July 6, 2008

Cedarwood Blackberry jam

What could be better than a piece of toasted brioche with homemade blackberry jam.

We spent the 4th of July in the country at Cedarwood, my boyfriend's family house in Hickman county. It's the perfect place to just relax on the porch sipping a beer or go down to the creek and dip your feet in the water. And our timing was impeccable because it's also the perfect place to pick blackberries!

In Tennessee this time of year the blackberries are exploding and you can pick them on the side of the road nearly everywhere where there is a cleared, overgrown sunny patch. I'm told it's a 'trash plant' or a weed that takes over in this climate. Lucky for us! One man's trash is another woman's breakfast.

It doesn't seem like a recipe is really needed to make jam. But I consulted a recent bon appetit column by one of my favorite bloggers, Molly Wizenberg. Hers was simple: about 30 oz of fruit, 2 cups of sugar, 2 tablespoons lemon juice. I used a little more fruit and a little less sugar and didn't do the proper canning--heating the jars and sealing them afterwards. With this small amount of jam I knew we'd eat it quickly with no need for preserving. If I were making large quantities, I would do it the old way.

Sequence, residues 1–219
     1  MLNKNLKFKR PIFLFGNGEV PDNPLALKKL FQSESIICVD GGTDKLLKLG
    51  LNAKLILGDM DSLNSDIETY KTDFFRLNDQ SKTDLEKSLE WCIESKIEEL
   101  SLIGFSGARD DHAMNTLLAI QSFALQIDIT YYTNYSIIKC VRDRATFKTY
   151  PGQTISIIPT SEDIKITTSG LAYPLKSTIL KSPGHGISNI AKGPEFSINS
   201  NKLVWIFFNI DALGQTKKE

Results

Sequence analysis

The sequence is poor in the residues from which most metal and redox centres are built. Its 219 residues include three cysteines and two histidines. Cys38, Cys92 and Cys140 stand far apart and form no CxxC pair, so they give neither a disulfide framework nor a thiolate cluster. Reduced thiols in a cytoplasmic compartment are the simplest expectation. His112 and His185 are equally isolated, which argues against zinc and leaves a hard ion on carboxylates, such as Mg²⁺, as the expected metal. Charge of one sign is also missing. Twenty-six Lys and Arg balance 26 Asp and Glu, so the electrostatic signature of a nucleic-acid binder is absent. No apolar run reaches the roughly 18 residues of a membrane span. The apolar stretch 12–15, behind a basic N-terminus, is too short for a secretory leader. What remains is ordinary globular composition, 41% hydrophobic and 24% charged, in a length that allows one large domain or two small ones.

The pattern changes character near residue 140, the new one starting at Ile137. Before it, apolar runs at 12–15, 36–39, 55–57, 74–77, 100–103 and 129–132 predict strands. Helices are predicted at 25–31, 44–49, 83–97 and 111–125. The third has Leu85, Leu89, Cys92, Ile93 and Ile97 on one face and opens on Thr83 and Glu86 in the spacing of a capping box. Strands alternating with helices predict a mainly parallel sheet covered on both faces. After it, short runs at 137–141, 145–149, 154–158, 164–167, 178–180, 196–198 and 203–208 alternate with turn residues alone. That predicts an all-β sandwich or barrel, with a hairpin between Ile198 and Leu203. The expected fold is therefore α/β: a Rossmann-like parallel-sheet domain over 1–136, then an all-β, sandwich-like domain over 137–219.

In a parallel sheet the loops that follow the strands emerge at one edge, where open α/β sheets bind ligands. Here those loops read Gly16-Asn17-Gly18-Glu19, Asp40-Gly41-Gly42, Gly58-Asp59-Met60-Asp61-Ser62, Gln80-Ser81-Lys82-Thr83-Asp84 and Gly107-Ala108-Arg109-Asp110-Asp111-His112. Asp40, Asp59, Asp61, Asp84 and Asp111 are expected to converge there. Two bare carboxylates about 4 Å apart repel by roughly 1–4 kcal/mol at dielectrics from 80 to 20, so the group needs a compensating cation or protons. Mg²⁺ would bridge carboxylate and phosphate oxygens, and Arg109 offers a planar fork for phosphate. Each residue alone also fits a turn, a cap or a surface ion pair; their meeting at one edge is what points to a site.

After washing the berries, combine them with the sugar and lemon juice and let them macerate for about 2 hours, stirring occasionally.

Then in a saucepan over medium heat, bring the mixture to a boil and stir; then turn down heat and mash the berries with a potato masher and simmer for about 20-25 minutes until it becomes a thick purée. How to test when the jam is done cooking: put a spoonful on a plate, put it in the freezer and retrieve it after 5 min. If it gels and bounces back when you touch it, it's done. If not, simmer a bit longer. Spoon into clean jars and let sit at room temperature until completely cooled. Store in the refrigerator.

I grew up eating homemade preserves made by my mother's aunt and uncle in Colorado. I remember their apples, peaches, pears and tomatoes and how they tasted of some old-fashioned goodness. They canned a lot of fruit --I assume from their own fruit trees-- and we were the lucky recipients of their labors. I have only recently begun to appreciate these efforts as someone who tries to eat seasonally and locally.

And what a perfect example of a local food tradition this is: pick blackberries on Friday; make jam on Sat. and enjoy it on Sunday. And it's easy! If only I'd had about 5 more lbs of fruit I would have made jam for everyone. Next time I'll endure the heat and prickly bushes a little longer if only to be able to eat homemade jam more often.

1 comment:

  1. Yum! I am lazy and not fond of chiggers, so I stay out of the blackberries and buy seedless jam from the produce stand (it comes from a family in southern Kentucky). I am jealous nonetheless. There are blackberries just a few hundred feet from me, but I'm hoping to be chigger bite free soon!